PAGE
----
You cannot park under the trees, but there is a nearby building that offers parking spots. Follow the guided pathway and you will reach the Dark Hedges after an easy, 15-minute walk through the woods.

For the Game of Thrones fans visiting the site, make sure to check out Season 2, Episode 1: The North Remembers. In this episode, you’ll see how the Dark Hedges were filmed to represent the King’s Road.

To see the Dark Hedges and more Game of Thrones filming locations, book a Game of Thrones day tour from Belfast.

The Dark Hedges, a beech tree-lined roadway in Northern Ireland

Relax in the Seaside Towns of Portrush and Portstewart

If you’re looking for the perfect way to spend a few days on the North Coast of Northern Ireland, you cannot miss the small seaside towns of Portrush and Portstewart. These two beautiful towns are a popular spot for northern Irish summer holidays, but they can be enjoyed all year round.

I went in the last days of January and simply loved it! It was less crowded and we could really relax and unwind from the daily stress. It was the best gateway that allowed me to restore my inner peace

Both towns have long and beautiful beaches that are perfect for long walks. You will see people swimming, surfing and playing in the sea (even in January!). I thought they were completely nuts because the water must have been freezing, but it was super entertaining!

The center of the towns have several bars and restaurants facing the sea. We enjoyed delicious, warm beverages and food while enjoying the view.

In addition, if you are a golf fanatic, there are many golf courses where you can play a round of golf. The 2019 Open Championship was held at the Royal Portrush Golf Club and attracted visitors from all around the world. 

Sunset over Portrush, Northern Ireland
Portrush | Photo by K. Mitch Hodge on Unsplash

Admire the views from Mussenden Temple

One of the best things to visit in Northern Ireland for a great view, the Mussenden Temple is a small circular building located on the cliffs near Castlerock. It sits high above the Atlantic Ocean on the northwestern coast of Northern Ireland.

The Temple offers spectacular views. To the west, you can look over Downhill Strand towards Magilligan Point and County Donegal. To the east, you can look over Castlerock Beach towards Portstewart, Portrush, and Fair Head.

Mussenden Temple was built in 1975 as a part of the estate of Frederick Augustus Harvey, Bishop of Derry and Earl of Bristol. The temple served as a library for Harvey’s niece. Unfortunately, the interior isn’t open to the public, but you can admire the views from outside.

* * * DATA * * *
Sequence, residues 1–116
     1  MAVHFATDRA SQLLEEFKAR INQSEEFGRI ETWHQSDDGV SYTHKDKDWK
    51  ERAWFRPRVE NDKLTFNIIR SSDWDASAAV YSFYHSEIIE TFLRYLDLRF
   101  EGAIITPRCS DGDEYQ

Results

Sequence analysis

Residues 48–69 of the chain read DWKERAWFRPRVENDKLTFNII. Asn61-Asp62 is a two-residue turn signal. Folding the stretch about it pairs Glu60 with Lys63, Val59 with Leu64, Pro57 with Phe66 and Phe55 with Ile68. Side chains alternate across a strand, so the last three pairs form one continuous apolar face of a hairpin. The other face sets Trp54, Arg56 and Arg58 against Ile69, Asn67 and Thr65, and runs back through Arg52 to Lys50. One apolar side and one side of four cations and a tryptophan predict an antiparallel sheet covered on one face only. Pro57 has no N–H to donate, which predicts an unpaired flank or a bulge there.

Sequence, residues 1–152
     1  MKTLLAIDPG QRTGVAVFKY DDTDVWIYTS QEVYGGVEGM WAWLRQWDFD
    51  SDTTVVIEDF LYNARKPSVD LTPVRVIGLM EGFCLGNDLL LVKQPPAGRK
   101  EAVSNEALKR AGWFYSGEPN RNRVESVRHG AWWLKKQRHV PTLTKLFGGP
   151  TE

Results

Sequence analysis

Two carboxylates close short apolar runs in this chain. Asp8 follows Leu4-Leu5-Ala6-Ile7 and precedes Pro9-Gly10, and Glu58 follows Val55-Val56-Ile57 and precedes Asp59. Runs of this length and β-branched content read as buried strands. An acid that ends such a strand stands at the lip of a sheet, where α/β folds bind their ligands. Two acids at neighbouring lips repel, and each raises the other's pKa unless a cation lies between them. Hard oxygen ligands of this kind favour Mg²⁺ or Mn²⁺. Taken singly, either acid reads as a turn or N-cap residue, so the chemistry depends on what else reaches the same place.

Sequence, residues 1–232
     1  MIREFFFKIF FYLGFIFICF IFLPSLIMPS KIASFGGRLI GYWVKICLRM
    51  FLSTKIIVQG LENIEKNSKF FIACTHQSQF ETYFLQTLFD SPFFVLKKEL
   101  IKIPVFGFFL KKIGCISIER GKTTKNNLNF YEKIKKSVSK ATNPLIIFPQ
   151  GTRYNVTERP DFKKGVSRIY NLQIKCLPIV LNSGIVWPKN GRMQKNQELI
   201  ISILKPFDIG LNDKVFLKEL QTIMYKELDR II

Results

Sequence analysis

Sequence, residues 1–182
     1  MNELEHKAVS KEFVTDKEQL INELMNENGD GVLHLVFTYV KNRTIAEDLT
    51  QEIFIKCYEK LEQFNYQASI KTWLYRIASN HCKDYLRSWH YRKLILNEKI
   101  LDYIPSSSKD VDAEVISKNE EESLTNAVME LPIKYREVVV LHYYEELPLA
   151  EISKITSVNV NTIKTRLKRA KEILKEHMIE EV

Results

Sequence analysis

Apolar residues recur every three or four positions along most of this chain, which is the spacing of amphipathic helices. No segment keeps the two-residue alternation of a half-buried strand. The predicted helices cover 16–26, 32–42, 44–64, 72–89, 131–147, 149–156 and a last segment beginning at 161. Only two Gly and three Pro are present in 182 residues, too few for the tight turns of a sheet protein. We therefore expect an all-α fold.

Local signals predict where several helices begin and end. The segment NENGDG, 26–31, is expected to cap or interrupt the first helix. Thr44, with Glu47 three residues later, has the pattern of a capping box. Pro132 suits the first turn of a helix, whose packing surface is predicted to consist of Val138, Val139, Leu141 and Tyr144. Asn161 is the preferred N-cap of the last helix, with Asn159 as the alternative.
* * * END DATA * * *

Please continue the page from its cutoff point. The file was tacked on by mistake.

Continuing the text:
One of the best parts about Mussenden Temple is that it is completely free! Once you arrive, you can park your car in a large parking lot before walking about 20 minutes to reach the temple. You can also walk inside the ruins of the old Bishop’s Mansion.

The ruins of the Bishop's House at Mussenden Temple in Northern Ireland
The ruins of the Bishop’s Mansion | Photo by Francesca from Travel Heal Love

Go on a Spa Retreat in Newcastle

A favorite thing to do for many Northern Irish people is to go on a spa retreat. It might be because the weather is often cloudy and cold, and spas and resorts are everywhere!

One of the best spas in Northern Ireland is the Slieve Donard Resort and Spa. It is located in Newcastle, a small seaside resort town in County Down. The resort lies by the Irish Sea at the foot of Slieve Donard, the highest of the Mourne Mountains.

The outside of Slieve Donard Resort and Spa in Newcastle, Northern Ireland
Slieve Donard Resort and Spa | Photo by Francesca from Travel Heal Love

The Slieve Donard Resort and Spa is great for a wellness retreat, and you can trust me as I know everything about healing retreats! The resort offers spa treatments including massages, facials, skin detoxing, and more. There are also indoor swimming pools, a jacuzzi, steam and sauna rooms, and a light therapy room.

In addition to the spa, Newcastle is known for its sandy beaches, forests, and mountains. Slieve Donard is famous for its incredible trekking and mountain walk.

If you are looking for a luxurious getaway that involves relaxation and peace, you cannot miss a stop in Newcastle and a stay at its beautiful resort. Click here to check rates and availability at Slieve Donard Resort and Spa.

As you can see, there are so many amazing things to do in Northern Ireland. I hope this list has given you inspiration for a visit to this beautiful country!

Since Northern Ireland is a pretty small country, you can see most of these places in about a week if you rent a car. I would definitely spend 2 days exploring Belfast. You can spend the rest of the time exploring the other awesome places on this list.

Have you been to Northern Ireland? What spots would you add to this list?

About the Author: This post was written by Francesca, the editor of Travel Heal Love. Originally from Italy, Francesca has lived in the United Kingdom for nearly 8 years. She has always loved traveling the world and decided to start her blog to encourage everyone who is burned out and tired of their usual routine to embrace a new adventure and live life to the fullest. For Francesca, traveling is the ultimate road to inner peace and self-care.

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10 Epic Places to See in Northern Ireland

11 thoughts on “10 Best Places to Visit in Northern Ireland

  1. Ashlee Fechino says:

    Wow – the Carrick-A-Rede Rope Bridge looks like such a fun adventure! I enjoyed reading about special places to visit in Northern Ireland. Thank you!

  2. Trisha says:

    I’ve always wanted to visit Ireland! I can’t get over how much natural beauty and history there is in every place you listed! I would love to see the Titanic Memorial. Thank you for 10 amazing suggestions!

  3. Michelle says:

    Northern Ireland looks like a beautiful place to visit. If I visit, I’d like to cross the Carrick-A-Rede Rope Bridge. That sounds like fun!

  4. Melinda says:

    I have distant family in Belfast, and for years it wasn’t safe to go. Now I would love to visit and the history alone but wow your post shows so much more! The Titanic Museum looks incredible, and The Giants Causeway! Your photos are taking my breath away.